The New-born Japan Rhododendron Society
Hideo Suzuki, Saitama-Ken, Japan
Japan is a country of rhododendrons. Our native rhododendrons comprise some sixty species plus their varieties and forms, which probably number in the hundreds.
The history of rhododendron cultivation goes way back as early as the beginning of the 17th Century. Our ancestors found many excellent varieties and forms in the wild, and admired them enough to plant them in their gardens in the Edo Era (16031867 A.D.), our feudal days.
Although most of the fine ones from those days have been inherited and preserved to the present time, some splendid forms, to my regret, have disappeared during the past several decades. I am now personally looking for these lost beauties and am traveling all over the country and meeting many people. Today, azaleas of the Satsuki, Kurume and Hirado groups alone have, perhaps, over 2,000 named clones.
Despite this long history in Japan of interest in rhododendrons, there had been no independent, nation-wide rhododendron society until the Japan Rhododendron Society (J.R.S.) was established in January 1972. (Previously local Alpine Societies had included rhododendrons in alpines.)
An appeal for the organization of a national Rhododendron Society was made by a young local enthusiast, Mr. Hisaji Yoshioka. His efforts finally moved many of the veteran fanciers and led to the foundation of the J.R.S. His appeal was that a society on a national scale was indispensable in solving the many problems involved in promoting rhododendrons to the general public throughout the country.
Although it is now in its second year, the J.R.S. is still on a trial and error basis, and I am afraid that it may be a little premature to introduce the Society to fellow hobbyists in other lands. However, at the request of the editor of the A.R.S. Bulletin, I am doing so, hoping that sooner or later the time will come when I will be able to write about the Society at greater length with much pride.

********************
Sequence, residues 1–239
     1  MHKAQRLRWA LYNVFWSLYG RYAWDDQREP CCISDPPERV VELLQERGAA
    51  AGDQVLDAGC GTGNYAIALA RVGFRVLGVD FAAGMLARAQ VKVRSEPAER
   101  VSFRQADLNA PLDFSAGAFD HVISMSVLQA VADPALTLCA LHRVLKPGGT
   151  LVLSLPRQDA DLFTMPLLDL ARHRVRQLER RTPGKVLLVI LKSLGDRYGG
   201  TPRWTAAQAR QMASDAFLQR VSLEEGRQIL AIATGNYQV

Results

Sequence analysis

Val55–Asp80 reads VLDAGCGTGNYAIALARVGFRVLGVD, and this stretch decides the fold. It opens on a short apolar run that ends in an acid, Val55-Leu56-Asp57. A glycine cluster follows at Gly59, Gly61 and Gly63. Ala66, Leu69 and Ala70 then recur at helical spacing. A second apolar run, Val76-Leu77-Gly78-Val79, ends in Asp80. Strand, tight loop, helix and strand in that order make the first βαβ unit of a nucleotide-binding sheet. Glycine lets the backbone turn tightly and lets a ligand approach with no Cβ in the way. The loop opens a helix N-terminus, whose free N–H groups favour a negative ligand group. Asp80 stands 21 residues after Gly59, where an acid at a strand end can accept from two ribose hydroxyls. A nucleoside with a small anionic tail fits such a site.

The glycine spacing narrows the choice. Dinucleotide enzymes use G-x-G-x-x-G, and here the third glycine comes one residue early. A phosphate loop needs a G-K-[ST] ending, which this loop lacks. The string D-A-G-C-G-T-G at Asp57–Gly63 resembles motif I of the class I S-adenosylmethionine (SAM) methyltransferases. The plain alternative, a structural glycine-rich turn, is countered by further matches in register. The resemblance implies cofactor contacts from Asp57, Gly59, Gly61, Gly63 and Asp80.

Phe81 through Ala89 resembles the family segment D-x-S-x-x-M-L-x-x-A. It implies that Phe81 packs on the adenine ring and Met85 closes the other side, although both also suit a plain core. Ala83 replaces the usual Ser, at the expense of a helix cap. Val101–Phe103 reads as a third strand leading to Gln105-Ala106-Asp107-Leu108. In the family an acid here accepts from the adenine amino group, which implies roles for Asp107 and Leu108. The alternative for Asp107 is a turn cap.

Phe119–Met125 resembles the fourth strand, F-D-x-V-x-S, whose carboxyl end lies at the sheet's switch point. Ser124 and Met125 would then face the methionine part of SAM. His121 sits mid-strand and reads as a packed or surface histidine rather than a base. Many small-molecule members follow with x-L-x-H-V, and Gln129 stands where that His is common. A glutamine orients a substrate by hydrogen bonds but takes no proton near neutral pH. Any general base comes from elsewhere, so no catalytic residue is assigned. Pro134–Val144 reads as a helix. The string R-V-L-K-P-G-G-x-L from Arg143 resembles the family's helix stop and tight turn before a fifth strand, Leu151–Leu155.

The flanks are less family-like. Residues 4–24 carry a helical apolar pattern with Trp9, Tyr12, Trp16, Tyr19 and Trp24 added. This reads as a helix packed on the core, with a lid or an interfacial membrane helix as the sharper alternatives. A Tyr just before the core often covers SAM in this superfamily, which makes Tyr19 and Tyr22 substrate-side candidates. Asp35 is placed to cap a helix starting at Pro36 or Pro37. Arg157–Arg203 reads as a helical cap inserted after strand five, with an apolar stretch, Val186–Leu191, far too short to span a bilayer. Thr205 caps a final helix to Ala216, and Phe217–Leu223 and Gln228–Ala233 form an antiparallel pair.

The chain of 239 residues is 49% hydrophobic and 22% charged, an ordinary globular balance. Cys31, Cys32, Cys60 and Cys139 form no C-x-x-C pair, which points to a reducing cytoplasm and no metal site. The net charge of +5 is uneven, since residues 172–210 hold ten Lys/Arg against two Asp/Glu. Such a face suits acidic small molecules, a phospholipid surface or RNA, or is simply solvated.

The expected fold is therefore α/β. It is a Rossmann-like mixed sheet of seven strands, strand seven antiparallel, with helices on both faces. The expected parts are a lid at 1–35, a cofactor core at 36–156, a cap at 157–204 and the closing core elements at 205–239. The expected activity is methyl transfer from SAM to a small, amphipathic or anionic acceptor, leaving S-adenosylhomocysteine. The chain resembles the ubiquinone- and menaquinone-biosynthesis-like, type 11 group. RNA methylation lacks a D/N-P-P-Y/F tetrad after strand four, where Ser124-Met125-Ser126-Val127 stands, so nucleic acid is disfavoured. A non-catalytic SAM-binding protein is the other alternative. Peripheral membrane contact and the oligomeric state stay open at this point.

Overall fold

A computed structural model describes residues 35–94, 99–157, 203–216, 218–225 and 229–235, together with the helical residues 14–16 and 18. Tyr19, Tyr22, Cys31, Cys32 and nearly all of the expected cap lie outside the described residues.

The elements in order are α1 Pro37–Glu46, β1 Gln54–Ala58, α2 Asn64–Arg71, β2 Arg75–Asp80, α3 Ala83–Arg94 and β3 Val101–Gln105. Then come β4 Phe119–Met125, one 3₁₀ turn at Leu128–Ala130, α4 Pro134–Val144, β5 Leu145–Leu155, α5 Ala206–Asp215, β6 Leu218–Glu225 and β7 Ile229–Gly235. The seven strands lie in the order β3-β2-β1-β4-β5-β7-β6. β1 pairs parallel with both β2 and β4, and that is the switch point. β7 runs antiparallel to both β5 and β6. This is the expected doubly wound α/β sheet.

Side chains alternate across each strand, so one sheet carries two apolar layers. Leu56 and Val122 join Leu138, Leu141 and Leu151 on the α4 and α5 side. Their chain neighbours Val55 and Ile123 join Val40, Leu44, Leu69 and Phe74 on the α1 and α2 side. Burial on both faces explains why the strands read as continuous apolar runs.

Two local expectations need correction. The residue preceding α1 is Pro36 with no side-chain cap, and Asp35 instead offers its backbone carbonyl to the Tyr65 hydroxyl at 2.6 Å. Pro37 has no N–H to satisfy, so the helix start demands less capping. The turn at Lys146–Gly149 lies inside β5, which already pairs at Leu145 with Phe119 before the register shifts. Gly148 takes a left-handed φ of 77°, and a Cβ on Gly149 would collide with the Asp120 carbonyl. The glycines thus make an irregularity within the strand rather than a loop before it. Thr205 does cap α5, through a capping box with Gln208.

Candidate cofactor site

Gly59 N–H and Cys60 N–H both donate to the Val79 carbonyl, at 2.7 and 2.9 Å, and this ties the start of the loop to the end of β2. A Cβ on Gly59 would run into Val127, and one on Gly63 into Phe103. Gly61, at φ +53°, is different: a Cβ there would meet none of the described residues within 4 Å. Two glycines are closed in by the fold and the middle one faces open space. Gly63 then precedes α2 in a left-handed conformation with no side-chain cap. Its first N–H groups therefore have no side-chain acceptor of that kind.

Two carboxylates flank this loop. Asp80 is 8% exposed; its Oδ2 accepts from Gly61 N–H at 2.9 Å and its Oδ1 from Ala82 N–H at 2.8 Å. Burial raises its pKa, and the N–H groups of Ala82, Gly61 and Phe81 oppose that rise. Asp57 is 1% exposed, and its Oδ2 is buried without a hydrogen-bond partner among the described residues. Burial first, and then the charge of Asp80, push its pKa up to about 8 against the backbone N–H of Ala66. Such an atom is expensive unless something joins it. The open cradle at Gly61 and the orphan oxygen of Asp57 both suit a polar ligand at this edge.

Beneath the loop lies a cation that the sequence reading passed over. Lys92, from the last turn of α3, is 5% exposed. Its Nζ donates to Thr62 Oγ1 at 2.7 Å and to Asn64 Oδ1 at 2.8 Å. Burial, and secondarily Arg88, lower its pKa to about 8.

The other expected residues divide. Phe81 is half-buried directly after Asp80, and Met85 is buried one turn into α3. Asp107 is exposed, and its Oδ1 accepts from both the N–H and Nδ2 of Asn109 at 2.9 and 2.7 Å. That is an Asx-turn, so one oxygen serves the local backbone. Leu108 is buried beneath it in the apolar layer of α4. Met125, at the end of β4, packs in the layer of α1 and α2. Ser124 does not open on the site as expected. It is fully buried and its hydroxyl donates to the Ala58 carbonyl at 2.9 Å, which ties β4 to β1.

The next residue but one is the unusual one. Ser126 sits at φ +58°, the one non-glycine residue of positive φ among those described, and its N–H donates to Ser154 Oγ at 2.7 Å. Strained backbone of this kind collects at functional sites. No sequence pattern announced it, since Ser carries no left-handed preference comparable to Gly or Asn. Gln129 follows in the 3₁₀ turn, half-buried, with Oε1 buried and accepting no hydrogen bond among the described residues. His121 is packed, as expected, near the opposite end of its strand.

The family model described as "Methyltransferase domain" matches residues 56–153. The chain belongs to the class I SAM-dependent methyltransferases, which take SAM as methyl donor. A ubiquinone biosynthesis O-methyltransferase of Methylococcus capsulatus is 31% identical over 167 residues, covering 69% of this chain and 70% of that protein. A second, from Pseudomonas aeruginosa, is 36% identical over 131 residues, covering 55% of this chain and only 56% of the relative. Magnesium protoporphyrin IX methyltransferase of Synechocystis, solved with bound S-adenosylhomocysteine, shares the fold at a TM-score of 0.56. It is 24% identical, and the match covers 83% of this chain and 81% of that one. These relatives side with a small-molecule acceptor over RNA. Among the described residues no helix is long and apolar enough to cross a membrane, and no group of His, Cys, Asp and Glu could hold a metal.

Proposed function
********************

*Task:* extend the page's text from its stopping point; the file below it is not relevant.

The Society has had an unusual administrative organization with no president and no directors. For all practical purposes, it has been run by its Steering Committee, of which I am a member. Just recently, Mr. Motonosuke Ozawa was elected president and Dr. Ichiro Arakawa was elected vice president. Needless to say, they are Japan's top hobbyists and authorities in this field.
The address of the Japan Rhododendron Society is: c/o Mr. Hisaji Yoshioka, Executive Secretary, Fujimigoaka, Fujimicho, Suwagun, Hagano-Ken, Japan. Correspondence from overseas should be addressed to Mr. Hideo Suzuki, 2015, Ne-Dori, Kumagaya, Saitama-Ken, Japan.
Our objective is the promotion of rhododendrons to the general public. We have 397 members as of April 15, 1973.
Three or four chapters are expected to be organized this year.
A formal Bulletin will be issued annually and an informal one will appear quarterly.
A national meeting will be held annually.
Our activities include research to find hardy species and hybrids, and new-born iron-clads, best adapted to the climate of various parts of Japan. Also we want to provide sources for seed, pollen and plants and to create a library of photographs. Research groups will study hybridizing, species, three-leaf azaleas, R. kiusianum, the habitat of our native species and their local differences, etc.